DOVER, Del. (AP) -- Kyle Larson got his first look at his spectacular barrel roll at Talladega and felt like the star of a summer blockbuster.
"It makes me look like I'm really tough," Larson said, smiling.
Larson was grateful to walk away unscathed last weekend from his dangerous crash on perhaps the diciest track in NASCAR. His No. 42 Chevrolet took flight seemingly by itself after he'd been hit and spun through traffic, and once it was off its wheels, the Chevrolet rolled at least a half-dozen times.
William Byron and David Ragan collided and triggered the wreck as Larson flipped on the chaotic final lap.
"Normally when you see cars take off, they're more sideways or going backward almost," Larson said. "Mine was hardly sideways at all. I don't know why it lifted off like that. Just thankful that the chassis and all my safety equipment held up good."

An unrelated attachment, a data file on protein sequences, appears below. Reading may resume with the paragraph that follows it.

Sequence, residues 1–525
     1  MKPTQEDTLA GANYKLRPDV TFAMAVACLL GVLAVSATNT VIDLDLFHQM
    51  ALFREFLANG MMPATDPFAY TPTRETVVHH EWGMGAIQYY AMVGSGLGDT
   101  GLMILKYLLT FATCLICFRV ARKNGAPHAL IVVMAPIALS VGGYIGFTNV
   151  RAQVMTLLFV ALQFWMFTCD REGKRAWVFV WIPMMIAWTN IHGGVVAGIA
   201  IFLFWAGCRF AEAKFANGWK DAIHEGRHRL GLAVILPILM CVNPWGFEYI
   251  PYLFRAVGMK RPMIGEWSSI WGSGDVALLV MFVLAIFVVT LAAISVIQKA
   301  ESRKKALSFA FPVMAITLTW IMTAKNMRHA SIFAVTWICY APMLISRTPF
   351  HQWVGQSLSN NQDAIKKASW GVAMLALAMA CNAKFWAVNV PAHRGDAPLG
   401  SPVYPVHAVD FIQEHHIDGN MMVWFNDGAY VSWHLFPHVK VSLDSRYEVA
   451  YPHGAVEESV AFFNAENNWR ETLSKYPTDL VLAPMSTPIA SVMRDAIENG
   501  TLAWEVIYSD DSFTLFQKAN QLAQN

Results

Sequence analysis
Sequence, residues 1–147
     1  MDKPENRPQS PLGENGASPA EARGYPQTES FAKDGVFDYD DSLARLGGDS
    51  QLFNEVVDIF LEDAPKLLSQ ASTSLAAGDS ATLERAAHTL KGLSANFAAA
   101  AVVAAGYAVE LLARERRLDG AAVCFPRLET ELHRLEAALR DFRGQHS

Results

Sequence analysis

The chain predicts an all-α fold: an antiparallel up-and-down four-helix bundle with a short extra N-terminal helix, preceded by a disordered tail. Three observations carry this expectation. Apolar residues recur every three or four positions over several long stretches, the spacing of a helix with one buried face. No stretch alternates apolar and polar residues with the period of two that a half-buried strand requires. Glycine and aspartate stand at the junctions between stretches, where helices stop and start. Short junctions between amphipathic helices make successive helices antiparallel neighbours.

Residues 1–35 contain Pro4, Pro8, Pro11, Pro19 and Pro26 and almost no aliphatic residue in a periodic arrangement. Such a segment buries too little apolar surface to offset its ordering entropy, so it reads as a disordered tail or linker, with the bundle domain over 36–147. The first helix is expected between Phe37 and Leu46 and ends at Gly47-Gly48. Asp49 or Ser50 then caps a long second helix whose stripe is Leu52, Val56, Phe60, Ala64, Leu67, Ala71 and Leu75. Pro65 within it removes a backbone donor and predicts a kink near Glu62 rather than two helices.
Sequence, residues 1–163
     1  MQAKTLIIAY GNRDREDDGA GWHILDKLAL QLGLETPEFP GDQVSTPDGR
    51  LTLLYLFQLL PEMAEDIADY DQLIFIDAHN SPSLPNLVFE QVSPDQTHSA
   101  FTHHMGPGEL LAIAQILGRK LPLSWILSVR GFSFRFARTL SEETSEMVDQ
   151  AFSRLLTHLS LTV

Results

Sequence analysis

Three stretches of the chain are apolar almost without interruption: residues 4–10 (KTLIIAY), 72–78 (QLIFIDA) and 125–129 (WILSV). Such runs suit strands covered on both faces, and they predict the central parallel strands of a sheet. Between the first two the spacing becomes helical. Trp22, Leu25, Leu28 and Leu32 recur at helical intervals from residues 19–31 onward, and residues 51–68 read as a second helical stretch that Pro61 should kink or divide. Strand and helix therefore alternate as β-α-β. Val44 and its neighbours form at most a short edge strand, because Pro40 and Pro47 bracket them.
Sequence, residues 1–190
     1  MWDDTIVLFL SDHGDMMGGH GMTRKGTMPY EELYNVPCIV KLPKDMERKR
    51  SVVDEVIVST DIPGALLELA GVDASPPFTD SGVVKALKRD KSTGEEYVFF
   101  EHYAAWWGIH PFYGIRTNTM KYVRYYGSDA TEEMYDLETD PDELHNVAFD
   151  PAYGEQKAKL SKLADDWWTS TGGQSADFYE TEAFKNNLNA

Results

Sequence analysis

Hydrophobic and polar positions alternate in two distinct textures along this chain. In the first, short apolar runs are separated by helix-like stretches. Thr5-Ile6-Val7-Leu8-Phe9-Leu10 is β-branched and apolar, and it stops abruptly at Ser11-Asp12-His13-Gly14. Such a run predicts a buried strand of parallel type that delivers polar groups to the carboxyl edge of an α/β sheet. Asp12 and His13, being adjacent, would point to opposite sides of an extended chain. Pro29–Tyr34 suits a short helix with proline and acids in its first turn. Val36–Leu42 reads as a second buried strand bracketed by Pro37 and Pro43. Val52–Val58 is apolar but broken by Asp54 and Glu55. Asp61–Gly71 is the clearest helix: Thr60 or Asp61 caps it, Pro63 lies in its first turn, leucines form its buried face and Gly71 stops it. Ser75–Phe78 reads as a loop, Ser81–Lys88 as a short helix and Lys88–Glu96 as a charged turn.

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NASCAR chief racing development officer Steve O'Donnell reached out to Larson to talk about what happened. Chip Ganassi Racing took the car after the race, but it was available to NASCAR engineers eager to study what caused the spectacular roll.
"For it to hold up as well as it did was pretty amazing," Larson said Friday at Dover International Speedway.
Larson was not injured, a testament to NASCAR's safety improvements, and even returned to play golf in a Pro-Am with other NASCAR drivers before a PGA tournament in Charlotte, North Carolina. He eventually took a look at the wreck through the view of the in-car video.
"It's pretty crazy how much everything stretches. My seatbelts, my harness. Everything stretches in an impact like that. I stretched far enough where my head hit the steering wheel a little bit. With each tumble, just the jolts that my body went through, it was pretty crazy to see."
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